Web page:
Congressman Earl Blumenauer: Responding to Climate Disasters—From Ruin to Resilience

With climate change fueling increasingly frequent and severe natural disasters—whether from flooding, wildfire, or extreme heat events—2021 was another record-breaking and deadly year for climate disasters in the US. In this interview with VX News, Congressman Earl Blumenauer, a member of the House Ways and Means Committee, highlights his office’s new report, “From Ruin to Resilience: Protecting Communities and Preventing Disasters,” and legislative agenda for reforming the federal government’s approach to climate disaster preparedness and mitigation. Pointing to the widespread and unsustainable practice of continued building and rebuilding in flood and flame zones, Blumenauer stresses the importance of policies that strengthen communities’ ability to prevent, respond, and recover from increasingly inevitable climate disasters. 

Your office just released a new report called “From Ruin to Resilience: Protecting Communities and Preventing Disasters.”  Share the thesis of this report, what motivated its publication, and what you're hoping to accomplish with its release.

I've been working on flood insurance reform for decades—it's one of the tenets of a livable community. What we have seen in my tenure in Congress is that we have not done a good enough job. Many of the so-called natural disasters are actually caused by human policies and the failure to implement good common sense. I’m reading a book now on the history of Katrina, Katrina: A History, 1915—2015, which details how elected officials, the Corps of Engineers, and private individuals set up New Orleans for failure.

Last year has seen a dramatic exponential increase of what we call “natural disasters.” As a result, the climate crisis has gotten my attention—and likewise many others around the globe. As a result, the climate crisis has gotten renewed attention, not just from people like me, but from many around the globe. We had a heat dome in Portland, extreme weather variations, wildfires and forest fires. There were disasters in spades in California. For all the discussion of infrastructure, it was important to focus on one fact: the biggest infrastructure program we have for the next 10 years will be what we do to deal with natural disasters. We need to do a better job at using those resources to repair, heal, and recover.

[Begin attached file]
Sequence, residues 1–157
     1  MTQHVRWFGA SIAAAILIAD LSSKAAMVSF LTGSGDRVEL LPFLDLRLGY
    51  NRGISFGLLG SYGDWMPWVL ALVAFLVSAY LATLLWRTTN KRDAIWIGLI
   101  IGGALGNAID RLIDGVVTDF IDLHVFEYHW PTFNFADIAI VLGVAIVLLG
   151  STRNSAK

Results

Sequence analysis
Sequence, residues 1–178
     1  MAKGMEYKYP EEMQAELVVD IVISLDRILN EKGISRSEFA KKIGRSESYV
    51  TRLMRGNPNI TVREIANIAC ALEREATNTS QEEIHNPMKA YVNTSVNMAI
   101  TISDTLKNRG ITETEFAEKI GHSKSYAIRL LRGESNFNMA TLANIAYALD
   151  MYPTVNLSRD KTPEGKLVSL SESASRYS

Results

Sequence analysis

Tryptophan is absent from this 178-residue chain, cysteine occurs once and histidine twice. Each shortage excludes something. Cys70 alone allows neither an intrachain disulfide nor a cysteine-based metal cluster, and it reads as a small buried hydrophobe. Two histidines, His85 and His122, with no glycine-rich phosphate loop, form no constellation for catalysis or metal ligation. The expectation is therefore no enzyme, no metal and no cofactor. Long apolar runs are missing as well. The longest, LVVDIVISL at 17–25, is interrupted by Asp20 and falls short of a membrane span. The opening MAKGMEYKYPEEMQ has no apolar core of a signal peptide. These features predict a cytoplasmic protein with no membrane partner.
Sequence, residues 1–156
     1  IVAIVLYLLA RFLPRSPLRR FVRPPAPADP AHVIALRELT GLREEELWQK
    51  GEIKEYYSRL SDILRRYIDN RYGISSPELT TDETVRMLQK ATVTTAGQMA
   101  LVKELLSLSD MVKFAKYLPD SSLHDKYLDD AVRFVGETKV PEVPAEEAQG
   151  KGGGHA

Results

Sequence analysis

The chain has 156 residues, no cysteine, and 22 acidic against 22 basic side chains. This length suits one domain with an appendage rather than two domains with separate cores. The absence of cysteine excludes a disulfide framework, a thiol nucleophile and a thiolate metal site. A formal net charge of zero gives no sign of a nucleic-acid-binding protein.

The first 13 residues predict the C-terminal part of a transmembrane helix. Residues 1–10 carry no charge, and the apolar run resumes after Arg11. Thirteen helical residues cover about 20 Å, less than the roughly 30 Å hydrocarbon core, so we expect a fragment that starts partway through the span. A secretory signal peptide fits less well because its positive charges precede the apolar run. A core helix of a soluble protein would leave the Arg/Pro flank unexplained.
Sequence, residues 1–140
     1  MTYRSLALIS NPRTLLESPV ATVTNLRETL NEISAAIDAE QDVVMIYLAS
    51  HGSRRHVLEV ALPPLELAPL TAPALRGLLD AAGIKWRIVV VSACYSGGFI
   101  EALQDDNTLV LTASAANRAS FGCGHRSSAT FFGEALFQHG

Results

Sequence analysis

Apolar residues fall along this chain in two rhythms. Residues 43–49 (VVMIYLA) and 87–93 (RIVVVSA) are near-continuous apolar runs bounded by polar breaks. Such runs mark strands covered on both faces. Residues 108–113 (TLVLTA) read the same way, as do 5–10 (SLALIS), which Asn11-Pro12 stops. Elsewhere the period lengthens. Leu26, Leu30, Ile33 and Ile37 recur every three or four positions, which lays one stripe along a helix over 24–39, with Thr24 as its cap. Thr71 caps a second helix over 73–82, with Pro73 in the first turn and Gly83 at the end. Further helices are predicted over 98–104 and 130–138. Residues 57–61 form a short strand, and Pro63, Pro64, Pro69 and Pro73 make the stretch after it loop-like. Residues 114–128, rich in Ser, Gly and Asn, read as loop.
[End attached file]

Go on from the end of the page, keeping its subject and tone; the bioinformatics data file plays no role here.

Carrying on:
How did you define what “disasters” are under present law?

That’s an important point because the Department of Homeland Security was thrown together as a hodgepodge—it being largest creation since the Department of Defense in the 1940s. It had 173,000 people and the federal government just folded FEMA into the Department of Homeland Security. FEMA got lost with the concern about national security and terrorism. As such, FEMA didn't get attention nor accountability from the President until we had that “You're doing a heck of a job, Brownie” moment.  

This report is one of the most visible ways that we show communities that we can respond to their needs and what we can do to make them safer. Natural disasters have a role in determining whether a community is/will be a livable community where people are safe, healthy, and economically secure. If we don't do a better job of anticipating, preventing, mitigating, and recovering from natural disasters then we're not going to have livable communities. 

You've noted that “climate disaster events” have been occurring with greater speed and frequency in the past couple of years.  Elaborate how the localities in Portland, OR, Washington State, and British Columbia have fared recently.